Twenty-seven artists, five academics and six film screenings featured at the Biennale. The event was conceived as a ‘salon des refusés for the 21st century’, referring to Haitian artists’ exclusion from the international art world, but which also turned out to represent the visiting artists. Gordon explains that many of the participants had“quite anarchistic, anti-authorial, non-material practices”. Works had to be realised using limited available materials and in many cases this involved, in Gordon’s words, artists having to “re-conceive their project – screw it in a ball and throw it away and start again when faced with the circumstances in Haiti”.  The visiting artists walked into an exceptionally creative community, but also an incredibly poor one, and Gordon felt a certain concern for them, “but the re-adjustments they made, with such a sense of grace and generosity of spirit, created some of the most powerful, moving art works and performances I have ever seen.”

Invoking Michel de Certeau, Beasley articulated the art of the Ghetto Biennale as “the art of making do” and describes how the Biennale “became a projection of possibilities – of projects that could or might happen”. With the Ghetto Biennale subverting that most traditional of art world formats, was there a sense that this tension, having something to react against, was a key element in the creative explosion? Beasley describes how the “rubbing against” of the first and third world arts created “an inbetween-ness. Such spaces, which are often overlooked and even avoided, are liberatory spaces of great possibilities, but individuals must be willing to make themselves vulnerable and engage in an honest and sincere dialogue”.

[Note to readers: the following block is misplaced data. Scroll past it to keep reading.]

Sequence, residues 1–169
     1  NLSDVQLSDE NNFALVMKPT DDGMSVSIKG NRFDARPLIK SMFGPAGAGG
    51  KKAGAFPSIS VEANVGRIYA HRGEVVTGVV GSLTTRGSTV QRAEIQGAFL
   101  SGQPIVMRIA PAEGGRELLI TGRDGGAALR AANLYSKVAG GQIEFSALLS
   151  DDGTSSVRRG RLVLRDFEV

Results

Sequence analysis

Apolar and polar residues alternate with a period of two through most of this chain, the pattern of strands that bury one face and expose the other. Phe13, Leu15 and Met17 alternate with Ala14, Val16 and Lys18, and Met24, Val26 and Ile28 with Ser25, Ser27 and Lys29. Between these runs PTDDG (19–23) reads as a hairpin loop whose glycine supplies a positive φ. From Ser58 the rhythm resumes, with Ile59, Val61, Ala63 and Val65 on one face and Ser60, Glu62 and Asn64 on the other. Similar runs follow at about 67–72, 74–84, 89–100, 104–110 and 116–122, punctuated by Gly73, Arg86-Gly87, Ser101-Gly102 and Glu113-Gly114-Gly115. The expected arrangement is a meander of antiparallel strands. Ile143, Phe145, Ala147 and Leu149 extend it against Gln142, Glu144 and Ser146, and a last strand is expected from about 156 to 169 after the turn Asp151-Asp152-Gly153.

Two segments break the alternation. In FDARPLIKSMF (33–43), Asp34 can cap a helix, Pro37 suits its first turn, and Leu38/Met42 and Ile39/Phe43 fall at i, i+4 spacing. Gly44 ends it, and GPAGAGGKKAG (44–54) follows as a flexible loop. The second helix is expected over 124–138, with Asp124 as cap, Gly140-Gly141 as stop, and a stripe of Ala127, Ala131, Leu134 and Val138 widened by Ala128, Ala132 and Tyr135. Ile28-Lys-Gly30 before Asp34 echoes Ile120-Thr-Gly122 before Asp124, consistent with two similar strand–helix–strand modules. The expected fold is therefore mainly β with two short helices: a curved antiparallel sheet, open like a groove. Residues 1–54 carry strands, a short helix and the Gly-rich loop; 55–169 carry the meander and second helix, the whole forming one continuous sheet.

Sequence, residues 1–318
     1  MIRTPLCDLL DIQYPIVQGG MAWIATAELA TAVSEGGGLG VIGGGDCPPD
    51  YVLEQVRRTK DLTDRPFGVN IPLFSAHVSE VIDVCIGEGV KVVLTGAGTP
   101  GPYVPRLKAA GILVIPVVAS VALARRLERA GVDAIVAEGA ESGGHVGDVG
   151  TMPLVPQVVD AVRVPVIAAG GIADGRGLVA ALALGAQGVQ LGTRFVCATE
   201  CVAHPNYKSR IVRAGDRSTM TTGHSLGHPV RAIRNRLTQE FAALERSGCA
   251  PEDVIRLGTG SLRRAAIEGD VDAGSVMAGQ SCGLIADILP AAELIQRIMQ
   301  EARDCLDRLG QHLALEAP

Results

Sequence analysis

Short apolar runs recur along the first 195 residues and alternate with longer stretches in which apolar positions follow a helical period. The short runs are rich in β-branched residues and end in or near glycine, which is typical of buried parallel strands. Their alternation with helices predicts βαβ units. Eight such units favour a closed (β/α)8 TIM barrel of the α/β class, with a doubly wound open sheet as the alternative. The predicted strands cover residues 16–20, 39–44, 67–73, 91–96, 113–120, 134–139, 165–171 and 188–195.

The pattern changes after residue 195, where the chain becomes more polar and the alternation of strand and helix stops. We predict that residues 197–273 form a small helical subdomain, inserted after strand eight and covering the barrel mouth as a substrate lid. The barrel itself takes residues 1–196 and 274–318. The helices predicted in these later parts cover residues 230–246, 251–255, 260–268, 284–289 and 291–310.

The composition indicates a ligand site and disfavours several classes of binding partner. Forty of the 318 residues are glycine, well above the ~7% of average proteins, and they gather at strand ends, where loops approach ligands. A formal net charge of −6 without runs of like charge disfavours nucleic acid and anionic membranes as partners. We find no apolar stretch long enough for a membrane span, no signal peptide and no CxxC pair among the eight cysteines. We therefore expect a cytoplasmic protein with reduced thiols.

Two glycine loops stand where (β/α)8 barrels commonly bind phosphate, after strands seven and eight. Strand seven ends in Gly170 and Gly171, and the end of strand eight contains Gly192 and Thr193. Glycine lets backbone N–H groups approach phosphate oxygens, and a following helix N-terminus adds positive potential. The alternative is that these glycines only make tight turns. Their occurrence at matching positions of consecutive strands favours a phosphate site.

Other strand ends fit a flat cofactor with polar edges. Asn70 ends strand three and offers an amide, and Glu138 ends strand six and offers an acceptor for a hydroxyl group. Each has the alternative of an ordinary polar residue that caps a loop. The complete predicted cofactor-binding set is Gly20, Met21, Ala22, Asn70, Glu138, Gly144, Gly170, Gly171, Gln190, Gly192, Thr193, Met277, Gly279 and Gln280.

The biennale didn’t just come to Haiti – it came specifically to the ghetto. Even in Port au Prince the art world is set apart from everyday life. Involving the local community was one of Eugène’s key motives for staging the event, as was the desire to challenge negative preconceptions about the Grand Rue social context. He explains “the Ghetto Biennale represents positive change and gives us a chance to show another face of life in the ghettos of Port-au-Prince.” The Ghetto Biennale made a point of keeping everything, from the printing of invitations to the press conference in the ghetto. “For the first time we saw a very different audience for an art show in Haiti. People from our neighbourhood, and other poor neighbourhoods came to see the work. Normally these types of people never visit an art show.”